3.1 156 Ratings

Directed by : Steven Spielberg

Release Date :

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Ten-year-old Sophie is in for the adventure of a lifetime when she meets the Big Friendly Giant (Mark Rylance). Naturally scared at first, the young girl soon realizes that the 24-foot behemoth is actually quite gentle and charming. As their friendship grows, Sophie's presence attracts the unwanted attention of Bloodbottler, ...more

The BFG Credit & Casting

Bill Hader

The BFG Audience Review

The BFG Review - Too dreamy, too funny

| by Raja Satish |
Rated 3.0 / 5
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Spielberg takes a detour to get into the zone of fantasy, animation, giants, fairy tales to dish out a tale of dreams. When the characters cry for the dreams getting smashes you root for them and emote them. That's so endearing and so heart-rending. This also acts as a tool to deep dive into the character's past and the way he loves to bring those moments into the present. Ugly is not really ugly and there's a heart buried deep in everyone. That's the core of BFG.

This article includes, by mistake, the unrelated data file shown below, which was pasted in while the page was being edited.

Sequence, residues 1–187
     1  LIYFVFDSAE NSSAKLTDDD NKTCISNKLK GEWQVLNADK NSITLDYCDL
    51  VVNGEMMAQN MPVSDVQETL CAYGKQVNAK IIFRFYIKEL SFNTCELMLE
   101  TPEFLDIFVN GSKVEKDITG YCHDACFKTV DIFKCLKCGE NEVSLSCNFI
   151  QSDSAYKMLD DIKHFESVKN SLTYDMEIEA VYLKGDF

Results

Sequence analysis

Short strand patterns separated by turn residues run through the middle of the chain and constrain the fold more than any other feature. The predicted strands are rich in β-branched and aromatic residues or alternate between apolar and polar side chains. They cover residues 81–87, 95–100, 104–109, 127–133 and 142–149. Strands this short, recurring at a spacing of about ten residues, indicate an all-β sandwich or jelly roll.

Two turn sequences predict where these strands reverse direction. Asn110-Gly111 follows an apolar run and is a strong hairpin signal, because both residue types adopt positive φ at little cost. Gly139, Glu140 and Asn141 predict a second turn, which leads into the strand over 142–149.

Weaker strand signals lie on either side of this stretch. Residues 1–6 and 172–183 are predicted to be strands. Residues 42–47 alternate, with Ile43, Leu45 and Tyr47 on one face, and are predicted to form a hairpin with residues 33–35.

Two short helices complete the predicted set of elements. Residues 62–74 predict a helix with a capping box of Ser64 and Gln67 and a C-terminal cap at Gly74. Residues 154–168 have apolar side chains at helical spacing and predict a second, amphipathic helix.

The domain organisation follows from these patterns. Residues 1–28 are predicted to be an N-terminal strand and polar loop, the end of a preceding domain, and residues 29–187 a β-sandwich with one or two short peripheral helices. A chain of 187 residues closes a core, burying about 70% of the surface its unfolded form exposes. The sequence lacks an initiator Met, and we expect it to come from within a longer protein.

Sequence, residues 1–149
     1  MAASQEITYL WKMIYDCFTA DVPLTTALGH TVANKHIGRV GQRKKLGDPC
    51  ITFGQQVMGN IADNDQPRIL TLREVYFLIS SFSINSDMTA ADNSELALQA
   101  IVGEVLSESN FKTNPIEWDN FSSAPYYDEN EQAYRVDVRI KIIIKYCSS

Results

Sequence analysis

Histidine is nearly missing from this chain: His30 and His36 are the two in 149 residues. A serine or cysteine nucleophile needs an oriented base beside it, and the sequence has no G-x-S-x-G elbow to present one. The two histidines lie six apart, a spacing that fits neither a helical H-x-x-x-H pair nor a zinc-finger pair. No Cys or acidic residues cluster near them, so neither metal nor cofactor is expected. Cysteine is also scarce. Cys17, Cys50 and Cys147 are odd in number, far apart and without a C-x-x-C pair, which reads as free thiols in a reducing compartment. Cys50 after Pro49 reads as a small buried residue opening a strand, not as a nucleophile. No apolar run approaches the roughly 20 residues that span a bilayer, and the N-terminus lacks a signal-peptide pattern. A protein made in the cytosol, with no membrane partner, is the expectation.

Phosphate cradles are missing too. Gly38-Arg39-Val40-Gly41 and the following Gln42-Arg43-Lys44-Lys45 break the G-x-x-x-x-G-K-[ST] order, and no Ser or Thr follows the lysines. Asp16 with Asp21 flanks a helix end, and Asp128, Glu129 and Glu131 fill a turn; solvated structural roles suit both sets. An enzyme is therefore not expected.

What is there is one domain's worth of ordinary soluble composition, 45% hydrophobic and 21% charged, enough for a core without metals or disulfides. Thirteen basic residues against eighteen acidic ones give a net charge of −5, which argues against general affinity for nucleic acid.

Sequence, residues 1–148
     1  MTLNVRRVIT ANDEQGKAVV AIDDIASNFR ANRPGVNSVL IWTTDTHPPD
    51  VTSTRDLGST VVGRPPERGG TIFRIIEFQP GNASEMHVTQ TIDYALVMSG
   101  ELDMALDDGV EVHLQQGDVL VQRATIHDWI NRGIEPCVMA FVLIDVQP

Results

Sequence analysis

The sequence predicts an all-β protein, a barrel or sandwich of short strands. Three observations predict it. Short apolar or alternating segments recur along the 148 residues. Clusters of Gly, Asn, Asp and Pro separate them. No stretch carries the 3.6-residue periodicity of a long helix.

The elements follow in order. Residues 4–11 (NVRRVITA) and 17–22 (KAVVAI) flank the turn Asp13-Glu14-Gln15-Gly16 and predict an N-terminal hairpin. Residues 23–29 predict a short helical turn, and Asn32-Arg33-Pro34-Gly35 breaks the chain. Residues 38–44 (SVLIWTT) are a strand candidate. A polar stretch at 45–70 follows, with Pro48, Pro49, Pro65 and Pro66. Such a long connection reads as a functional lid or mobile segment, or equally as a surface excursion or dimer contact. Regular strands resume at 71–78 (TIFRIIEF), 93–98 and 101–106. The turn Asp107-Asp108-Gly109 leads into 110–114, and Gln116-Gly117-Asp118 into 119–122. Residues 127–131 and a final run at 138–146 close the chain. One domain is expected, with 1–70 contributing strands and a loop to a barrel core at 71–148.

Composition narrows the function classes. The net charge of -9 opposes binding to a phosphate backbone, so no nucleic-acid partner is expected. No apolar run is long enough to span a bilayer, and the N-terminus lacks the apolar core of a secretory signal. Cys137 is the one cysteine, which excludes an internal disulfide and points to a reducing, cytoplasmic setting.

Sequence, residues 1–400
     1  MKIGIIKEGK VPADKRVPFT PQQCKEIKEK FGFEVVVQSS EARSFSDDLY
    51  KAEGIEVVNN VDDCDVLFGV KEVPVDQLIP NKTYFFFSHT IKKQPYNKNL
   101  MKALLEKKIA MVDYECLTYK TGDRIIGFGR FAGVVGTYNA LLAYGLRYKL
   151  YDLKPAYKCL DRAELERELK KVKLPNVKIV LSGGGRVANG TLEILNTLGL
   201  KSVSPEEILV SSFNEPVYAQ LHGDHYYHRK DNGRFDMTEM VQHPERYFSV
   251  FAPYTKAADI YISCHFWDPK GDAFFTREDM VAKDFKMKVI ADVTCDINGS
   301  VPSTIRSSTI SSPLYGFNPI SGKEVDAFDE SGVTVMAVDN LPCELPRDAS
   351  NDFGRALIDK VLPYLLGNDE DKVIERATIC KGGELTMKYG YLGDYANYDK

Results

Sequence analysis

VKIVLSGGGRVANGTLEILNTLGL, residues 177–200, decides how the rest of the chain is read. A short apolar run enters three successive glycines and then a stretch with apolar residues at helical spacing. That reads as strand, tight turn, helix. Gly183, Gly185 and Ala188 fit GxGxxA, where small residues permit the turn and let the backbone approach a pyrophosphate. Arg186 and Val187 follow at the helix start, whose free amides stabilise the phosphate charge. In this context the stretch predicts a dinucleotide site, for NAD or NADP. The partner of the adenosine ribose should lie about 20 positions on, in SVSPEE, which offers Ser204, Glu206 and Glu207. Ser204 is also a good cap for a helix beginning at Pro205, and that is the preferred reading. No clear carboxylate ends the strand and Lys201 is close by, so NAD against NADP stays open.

Barnhill is a charming actor, but gets less benefit in the CGI world. Rylance is near perfect as the friendly giant. He makes BFG lovable. The moment he slips into a line loaded with grammatical errors, you pity the poor soul and puts your spell check in place. This is a bundle of joy for kids and adults alike. BFG is replete with awe, wonder, imagination and a lurking danger. And it heavily tries to tell an emotional story that surfaces on the visual grandeur.

BFG takes a thread from Spielberg's ET and marries it with the Roald Dahl's original work. The final act puts you in splits with the kid and the giant meeting the queen to tell their woes on the unfriendly giants who want to prey on kids. However, the pre-climax and climax looks cheesy and mangled with so many cinematic liberties that blocks your belief to certain time. The selling point for BFG is the chemistry between Barnhill and Rylance. It's very entertaining.